Not Criminally Responsible

“Sualim’s crimes—a series of mid-level robberies, followed by a speedy arrest—were always of limited interest, and the story would have disappeared from the public record had it not been for a series of events last summer that had little to do with him. First, in early June, Kleiton Da Silva, who’d been given NCR status after killing a man in a street brawl, went missing from CAMH and allegedly robbed a bakery. A month later, Zhebin Cong, who’d been found NCR for stabbing a man to death in a boarding house, went AWOL and then fled the country. In late July, Sualim also left CAMH under the supervision of a hospital staff member and then walked off on his own.”

Simon Lewsen – The Local – October 2019


Battle at Rowntree Mills

“The Rowntree Mills story is one of changing demographics and messy local politics. At its centre are questions that crop up every time there’s a neighbourhood dispute over common space: What do you do when community members disagree as to how a space should be used? And who gets to call themselves a community member anyway?”

Simon Lewsen – The Local – July 2019

How Do We Come to Terms with Leonard Cohen’s Legacy in the #Metoo Era?

“About a year ago, a friend who, like me, is a huge Leonard Cohen fan, confessed that she’d had a terrible thought: ‘Thank God Leonard Cohen is dead.’ I told her I’d often had the same sentiment. To understand why a Cohen devotee would harbour such feelings, you have to appreciate just how important Cohen is to the people who revere him and how defensive we can get about his legacy.”

Simon Lewsen – Sharp Magazine – November 2018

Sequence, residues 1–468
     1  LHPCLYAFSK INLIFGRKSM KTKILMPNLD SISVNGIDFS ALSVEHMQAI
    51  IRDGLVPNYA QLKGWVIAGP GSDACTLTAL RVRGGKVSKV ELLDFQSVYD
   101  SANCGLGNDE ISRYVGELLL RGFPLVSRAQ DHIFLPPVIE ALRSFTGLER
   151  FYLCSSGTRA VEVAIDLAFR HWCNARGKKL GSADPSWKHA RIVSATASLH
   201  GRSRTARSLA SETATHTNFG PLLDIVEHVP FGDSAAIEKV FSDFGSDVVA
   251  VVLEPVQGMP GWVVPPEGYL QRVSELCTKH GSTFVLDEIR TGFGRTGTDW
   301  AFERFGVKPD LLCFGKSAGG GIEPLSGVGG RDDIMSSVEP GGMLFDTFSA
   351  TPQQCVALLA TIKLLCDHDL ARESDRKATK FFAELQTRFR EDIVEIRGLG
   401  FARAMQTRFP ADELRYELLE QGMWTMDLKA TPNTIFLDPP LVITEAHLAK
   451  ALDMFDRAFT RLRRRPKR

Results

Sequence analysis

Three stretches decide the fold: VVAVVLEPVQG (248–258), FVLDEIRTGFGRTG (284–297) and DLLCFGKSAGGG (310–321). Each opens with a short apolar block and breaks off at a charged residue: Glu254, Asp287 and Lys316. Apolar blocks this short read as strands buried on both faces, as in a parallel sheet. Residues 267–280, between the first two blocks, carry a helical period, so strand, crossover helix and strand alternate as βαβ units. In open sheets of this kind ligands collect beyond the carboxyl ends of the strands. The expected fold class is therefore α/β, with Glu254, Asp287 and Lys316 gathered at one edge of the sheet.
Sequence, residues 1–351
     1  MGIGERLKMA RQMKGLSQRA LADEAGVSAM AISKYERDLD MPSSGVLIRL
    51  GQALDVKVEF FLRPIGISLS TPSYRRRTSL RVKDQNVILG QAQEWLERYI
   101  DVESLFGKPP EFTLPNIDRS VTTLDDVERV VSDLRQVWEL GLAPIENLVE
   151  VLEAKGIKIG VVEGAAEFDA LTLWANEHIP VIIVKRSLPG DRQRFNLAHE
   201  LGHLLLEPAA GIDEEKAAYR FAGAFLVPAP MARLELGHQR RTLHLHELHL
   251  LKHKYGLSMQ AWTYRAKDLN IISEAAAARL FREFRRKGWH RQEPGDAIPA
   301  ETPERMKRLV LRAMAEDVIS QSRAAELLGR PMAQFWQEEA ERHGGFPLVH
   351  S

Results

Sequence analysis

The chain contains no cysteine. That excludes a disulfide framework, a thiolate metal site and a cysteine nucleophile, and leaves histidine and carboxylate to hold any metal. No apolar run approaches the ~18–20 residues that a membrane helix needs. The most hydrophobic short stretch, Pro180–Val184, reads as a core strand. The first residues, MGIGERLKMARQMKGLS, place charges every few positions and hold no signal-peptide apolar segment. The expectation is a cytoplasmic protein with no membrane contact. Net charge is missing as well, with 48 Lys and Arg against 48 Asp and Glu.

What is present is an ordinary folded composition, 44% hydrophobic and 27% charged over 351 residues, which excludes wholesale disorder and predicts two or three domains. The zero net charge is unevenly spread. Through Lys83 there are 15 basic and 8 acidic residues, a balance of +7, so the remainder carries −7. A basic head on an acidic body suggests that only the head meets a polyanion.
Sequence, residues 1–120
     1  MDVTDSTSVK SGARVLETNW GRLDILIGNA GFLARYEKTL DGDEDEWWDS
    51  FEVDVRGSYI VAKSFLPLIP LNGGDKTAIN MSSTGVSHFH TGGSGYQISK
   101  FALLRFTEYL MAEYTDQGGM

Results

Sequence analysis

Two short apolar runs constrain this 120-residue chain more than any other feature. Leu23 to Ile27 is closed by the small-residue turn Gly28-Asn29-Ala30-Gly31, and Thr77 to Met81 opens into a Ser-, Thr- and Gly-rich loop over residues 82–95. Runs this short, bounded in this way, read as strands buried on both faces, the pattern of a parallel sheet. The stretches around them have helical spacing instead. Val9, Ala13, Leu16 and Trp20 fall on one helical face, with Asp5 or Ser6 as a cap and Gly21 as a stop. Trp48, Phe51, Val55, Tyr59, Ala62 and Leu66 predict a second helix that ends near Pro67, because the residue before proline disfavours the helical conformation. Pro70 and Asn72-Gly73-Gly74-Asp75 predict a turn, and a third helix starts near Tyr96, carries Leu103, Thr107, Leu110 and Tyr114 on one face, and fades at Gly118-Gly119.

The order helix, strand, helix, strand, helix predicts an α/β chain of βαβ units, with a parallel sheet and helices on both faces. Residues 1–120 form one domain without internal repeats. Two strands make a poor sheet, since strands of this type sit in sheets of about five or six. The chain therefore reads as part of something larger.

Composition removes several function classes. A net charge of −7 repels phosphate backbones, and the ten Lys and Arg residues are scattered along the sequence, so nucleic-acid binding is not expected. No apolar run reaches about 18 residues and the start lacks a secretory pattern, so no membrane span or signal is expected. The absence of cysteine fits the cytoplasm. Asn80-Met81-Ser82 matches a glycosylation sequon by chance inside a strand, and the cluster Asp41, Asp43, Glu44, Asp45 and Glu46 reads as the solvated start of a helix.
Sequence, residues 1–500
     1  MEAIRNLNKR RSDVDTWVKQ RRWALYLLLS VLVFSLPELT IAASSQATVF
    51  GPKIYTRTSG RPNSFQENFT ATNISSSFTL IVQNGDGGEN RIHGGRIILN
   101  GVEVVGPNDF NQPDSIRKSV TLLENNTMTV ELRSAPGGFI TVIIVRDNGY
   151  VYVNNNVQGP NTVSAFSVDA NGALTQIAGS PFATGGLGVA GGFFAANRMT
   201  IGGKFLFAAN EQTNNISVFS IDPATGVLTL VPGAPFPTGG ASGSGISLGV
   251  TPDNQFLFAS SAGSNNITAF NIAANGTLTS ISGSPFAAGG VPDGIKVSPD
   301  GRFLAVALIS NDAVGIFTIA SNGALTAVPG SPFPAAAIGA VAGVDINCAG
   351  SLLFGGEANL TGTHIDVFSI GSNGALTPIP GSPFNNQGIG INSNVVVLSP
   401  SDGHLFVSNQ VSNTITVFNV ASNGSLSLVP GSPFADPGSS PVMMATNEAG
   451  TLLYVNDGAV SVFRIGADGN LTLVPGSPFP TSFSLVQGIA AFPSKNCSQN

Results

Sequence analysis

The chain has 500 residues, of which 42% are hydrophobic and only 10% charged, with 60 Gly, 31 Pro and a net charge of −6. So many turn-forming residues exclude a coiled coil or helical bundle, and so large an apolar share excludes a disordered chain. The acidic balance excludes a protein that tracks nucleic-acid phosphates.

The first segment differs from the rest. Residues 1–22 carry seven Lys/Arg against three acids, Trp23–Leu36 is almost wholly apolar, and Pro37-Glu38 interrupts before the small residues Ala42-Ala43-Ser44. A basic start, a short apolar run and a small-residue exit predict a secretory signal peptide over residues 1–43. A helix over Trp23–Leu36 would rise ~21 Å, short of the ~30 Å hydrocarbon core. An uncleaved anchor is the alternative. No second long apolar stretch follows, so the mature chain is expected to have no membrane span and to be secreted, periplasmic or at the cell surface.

Who Says Canadian Architecture Is Boring?

“It doesn’t have to be this way. Budapest is a living art nouveau museum. Berlin, where buildings resemble tents or funnels or seed pods, is diverse and weird. And Copenhagen leads the world in green design with its dense cycling infrastructure, streets that conserve rainwater, and, soon, a waste-management centre that will double as a ski slope. If cities get the architecture their people demand, it would seem that Torontonians don’t demand much. This complacency is what Josephson, along with his colleagues at Partisans, wants to change.”

Simon Lewsen – The Walrus – July 2018

Chrystia Freeland Wants to Fix the Twenty-first Century

“Chrystia Freeland, Canada’s minister of foreign affairs, goes about her work in a manner one might describe as hard-nosed. The former reporter prefers direct questions over diplomatic niceties and face-to-face conversations over briefing notes. “You have to talk to a lot of people to get the real story,” she says. In September of last year, Freeland and her top negotiators and advisers met with former prime minister Brian Mulroney in Toronto, at his office in the law firm Norton Rose Fulbright. Mulroney had a story that Freeland needed to hear: how he pushed the North American Free Trade Agreement through negotiations. In 1992, when Mulroney’s Progressive Conservative government signed NAFTA, the Liberal Party of Canada fiercely opposed him; now, Freeland was seeking his advice in her attempt to keep the deal alive.”

Simon Lewsen – The Walrus – February 2018